Pakistan’s Violence Continues With Cultural Capital Assaults
The attacks on the regional center of the Federal Investigation Agency and two police centers occurred around 9:30 a.m. and shut down parts of Lahore. In total, more than 30 people were killed, including 11 militants and 19 police officers, according to the New York Times.
One of the attacks was on an elite counter-terrorism training school where graduates learn techniques considered to be the toughest in the province. The Pakistani Taliban claimed responsibility, the Washington Post reported.
Lahore is in the Punjab Province, the country’s most economically important and the traditional seat of power.
Also on Thursday, militants attacked a police station and killed eight people in Kohat in the North West Frontier Province. And in Peshawar, a remote-controlled car bomb exploded in a neighborhood home to many government workers. A child died and dozens were wounded.
The attacks continue to raise questions about the ability of Pakistan’s security forces to fight against insurgents. The Pakistani military is planning an offensive against the Taliban in South Waziristan, where the government says many of the attacks are planned. They have been conducting air strikes there since June.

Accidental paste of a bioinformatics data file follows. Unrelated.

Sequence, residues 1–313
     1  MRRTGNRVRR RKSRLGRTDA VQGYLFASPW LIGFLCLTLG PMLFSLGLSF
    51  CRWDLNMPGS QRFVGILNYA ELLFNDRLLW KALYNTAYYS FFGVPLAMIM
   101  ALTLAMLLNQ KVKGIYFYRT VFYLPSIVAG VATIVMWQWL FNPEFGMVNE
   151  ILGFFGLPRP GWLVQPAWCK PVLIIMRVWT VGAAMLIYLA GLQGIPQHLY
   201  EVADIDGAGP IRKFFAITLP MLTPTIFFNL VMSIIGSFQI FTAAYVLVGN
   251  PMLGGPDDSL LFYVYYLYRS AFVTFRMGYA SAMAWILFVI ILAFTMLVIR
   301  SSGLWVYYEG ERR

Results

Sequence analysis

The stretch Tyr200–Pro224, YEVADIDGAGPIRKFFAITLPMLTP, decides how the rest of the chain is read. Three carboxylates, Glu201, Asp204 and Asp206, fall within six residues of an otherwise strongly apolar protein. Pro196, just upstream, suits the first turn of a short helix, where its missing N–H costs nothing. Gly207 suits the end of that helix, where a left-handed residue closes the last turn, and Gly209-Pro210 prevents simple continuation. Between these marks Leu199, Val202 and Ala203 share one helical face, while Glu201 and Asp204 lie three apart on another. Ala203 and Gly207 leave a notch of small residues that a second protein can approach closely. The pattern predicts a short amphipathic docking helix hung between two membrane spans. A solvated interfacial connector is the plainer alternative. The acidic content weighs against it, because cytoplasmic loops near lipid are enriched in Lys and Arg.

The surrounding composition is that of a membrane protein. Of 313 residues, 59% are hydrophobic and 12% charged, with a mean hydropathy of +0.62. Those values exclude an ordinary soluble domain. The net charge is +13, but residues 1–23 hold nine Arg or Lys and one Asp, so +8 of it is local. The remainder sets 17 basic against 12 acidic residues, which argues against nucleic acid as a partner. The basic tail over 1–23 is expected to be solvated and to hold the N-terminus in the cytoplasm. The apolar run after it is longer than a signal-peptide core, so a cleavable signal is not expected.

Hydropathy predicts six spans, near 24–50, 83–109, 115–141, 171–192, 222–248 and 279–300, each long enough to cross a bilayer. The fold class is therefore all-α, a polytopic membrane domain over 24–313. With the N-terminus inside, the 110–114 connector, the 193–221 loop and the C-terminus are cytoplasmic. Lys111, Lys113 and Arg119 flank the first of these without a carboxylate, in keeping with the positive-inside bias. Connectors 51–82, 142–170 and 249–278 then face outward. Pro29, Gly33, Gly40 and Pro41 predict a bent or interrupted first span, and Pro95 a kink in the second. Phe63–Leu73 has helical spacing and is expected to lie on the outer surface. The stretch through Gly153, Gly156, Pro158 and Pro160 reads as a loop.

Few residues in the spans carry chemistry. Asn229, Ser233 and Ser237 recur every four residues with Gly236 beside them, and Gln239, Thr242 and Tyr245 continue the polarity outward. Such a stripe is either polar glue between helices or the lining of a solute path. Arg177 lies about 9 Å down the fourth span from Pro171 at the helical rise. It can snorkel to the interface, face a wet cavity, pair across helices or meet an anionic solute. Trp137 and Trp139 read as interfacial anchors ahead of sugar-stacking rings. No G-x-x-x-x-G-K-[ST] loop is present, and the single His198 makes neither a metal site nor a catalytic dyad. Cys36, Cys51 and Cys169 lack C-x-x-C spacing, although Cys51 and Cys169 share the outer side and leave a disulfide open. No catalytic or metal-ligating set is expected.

The attacks are more in a continuing string of violence in recent days that has stuck across the country.
“First the (North West) Frontier province was on the front line, now they are playing their games in Punjab,” Interior Minister Rehman Malik told Geo television, as quoted by the Associated Press.
Over the weekend, the Taliban claimed responsibility for a raid on the army headquarters in Rawalpindi.
Taliban spokesman have said there will be more attacks in revenge for the death of their leader Baitullah Mehsud.
“Ever since the head of the Pakistani Taliban was killed in a missile strike in early August, the militants themselves have warned of more attacks, and authorities have been repeating that they also expect… retaliation,” Chris Brummitt of the AP said on the NewsHour.
The U.S. has encouraged Pakistan to increase pressure on insurgents across the border from Afghanistan, where the U.S. in facing increasing attacks and President Obama is considering a boost in troop levels.